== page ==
The full ad famously ran once during the Super Bowl XVIII (on January 22, 1984), but it also ran the month prior—on December 31, 1983, TV station operator Tom Frank ran the ad on KMVT at the last possible time slot before midnight, in order to qualify for 1983's advertising awards.* (Any awards the ad won would mean more media coverage.) Apple paid to screen the ad in movie theaters before movie trailers, further heightening anticipation for the Mac launch. In addition to all that, the 30-second version was aired across the country after its debut on the Super Bowl.
Chiat\Day adman Steve Hayden recalled: "We ran a 30- second version of '1984' in the top 10 U.S. markets, plus, in an admittedly childish move, in an 11th market—Boca Raton, Florida, headquarters for IBM's PC division." Mac team member Andy Hertzfeld ended his remembrance of the ad by saying:
"A week after the Macintosh launch, Apple held its January board meeting. The Macintosh executive staff was invited to attend, not knowing what to expect. When the Mac people entered the room, everyone on the board rose and gave them a standing ovation, acknowledging that they were wrong about the commercial and congratulating the team for pulling off a fantastic launch.
Chiat\Day wanted the commercial to qualify for upcoming advertising awards, so they ran it once at 1 AM at a small television station in Twin Falls, Idaho, KMVT, on December 15, 1983 [incorrect; see below for an update on this -ed]. And sure enough it won just about every possible award, including best commercial of the decade. Twenty years later it's considered one of the most memorable television commercials ever made."
THE AWFUL 1985 FOLLOW-UP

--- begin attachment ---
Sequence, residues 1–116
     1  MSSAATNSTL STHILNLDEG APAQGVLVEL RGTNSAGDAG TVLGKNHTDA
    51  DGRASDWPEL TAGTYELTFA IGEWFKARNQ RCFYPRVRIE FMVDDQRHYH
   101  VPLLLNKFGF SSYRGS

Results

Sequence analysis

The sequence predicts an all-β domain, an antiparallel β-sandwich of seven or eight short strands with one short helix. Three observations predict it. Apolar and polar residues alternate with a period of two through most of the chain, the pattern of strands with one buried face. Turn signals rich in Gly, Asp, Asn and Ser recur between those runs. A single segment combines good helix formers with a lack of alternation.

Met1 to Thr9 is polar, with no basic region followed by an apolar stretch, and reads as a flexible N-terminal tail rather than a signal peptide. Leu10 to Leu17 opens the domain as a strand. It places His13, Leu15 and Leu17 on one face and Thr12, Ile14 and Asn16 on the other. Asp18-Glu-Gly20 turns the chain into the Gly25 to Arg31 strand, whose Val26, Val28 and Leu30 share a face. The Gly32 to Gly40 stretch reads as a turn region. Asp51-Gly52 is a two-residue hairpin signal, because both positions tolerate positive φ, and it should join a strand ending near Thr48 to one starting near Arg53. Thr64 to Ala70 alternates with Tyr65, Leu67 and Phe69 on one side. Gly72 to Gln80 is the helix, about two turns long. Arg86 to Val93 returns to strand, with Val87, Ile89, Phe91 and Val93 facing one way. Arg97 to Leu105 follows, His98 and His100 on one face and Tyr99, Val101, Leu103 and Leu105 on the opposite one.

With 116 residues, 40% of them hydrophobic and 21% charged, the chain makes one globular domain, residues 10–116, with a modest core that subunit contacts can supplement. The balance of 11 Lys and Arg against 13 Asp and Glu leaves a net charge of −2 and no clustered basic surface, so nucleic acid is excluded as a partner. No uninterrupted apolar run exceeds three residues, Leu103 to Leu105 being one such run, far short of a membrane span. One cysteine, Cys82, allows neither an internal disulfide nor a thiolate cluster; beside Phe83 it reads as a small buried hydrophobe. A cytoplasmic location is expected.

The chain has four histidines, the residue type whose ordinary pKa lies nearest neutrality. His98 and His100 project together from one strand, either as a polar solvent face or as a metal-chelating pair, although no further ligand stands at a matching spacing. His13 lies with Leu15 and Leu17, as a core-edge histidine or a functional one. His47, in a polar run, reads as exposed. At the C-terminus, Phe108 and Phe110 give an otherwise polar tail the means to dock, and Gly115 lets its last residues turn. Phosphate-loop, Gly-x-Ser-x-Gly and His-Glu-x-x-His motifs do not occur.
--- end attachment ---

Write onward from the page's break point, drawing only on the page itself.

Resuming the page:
A year later, Apple again employed Chiat\Day to make a blockbuster ad for their Macintosh Office product line, which was basically a file server, networking gear, and a laser printer. Directed by Ridley Scott's brother Tony, the new ad was called "Lemmings," and featured blindfolded businesspeople whistling an out-of-tune version of Snow White's "Heigh-Ho" as they followed each other off a cliff (referencing the myth of lemming suicide).
Jobs and Sculley didn't like the ad, but Chiat\Day convinced them to run it, pointing out that the board hadn't liked the last ad either. But unlike the rousing, empowering message of the "1984" ad, "Lemmings" directly insulted business customers who had already bought IBM computers. It was also weirdly boring—when it was aired at the Super Bowl (with Jobs and Sculley in attendance), nobody really reacted. The ad was a flop, and Apple even proposed running a printed apology in TheWall Street Journal. Jay Chiat shot back, saying that if Apple apologized, Chiat would buy an ad on the next page, apologizing for the apology. It was a mess:
In 2004, the ad was updated for the launch of the iPod. The only change was that the woman with the hammer was now listening to an iPod, which remained clipped to her belt as she ran. You can watch that version too:
Check out Mac team member Andy Hertzfeld's excellent first-person account of the ad. A similar account (but with more from Jobs's point of view) can found in the Steve Jobs biography, and an even more in-depth account is in The Mac Bathroom Reader. The Mac Bathroom Reader is out of print; you can read an excerpt online, including QuickTime movies of the two versions of the ad, plus a behind-the-scenes video. Finally, you might enjoy this 2004 USA Today article about the ad, pointing out that ads for other computers (including Atari, Radio Shack, and IBM's new PCjr) also ran during that Super Bowl.
* = A Note on the Airing in 1983
Update: Thanks to Tom Frank for writing in to correct my earlier mis-statement about the first air date of this commercial. As you can see in his comment below, Hertzfeld's comments above (and the dates cited in other accounts I've seen) are incorrect. Stay tuned for an upcoming interview with Frank, in which we discuss what it was like running both "1984" and "Lemmings" before they were on the Super Bowl!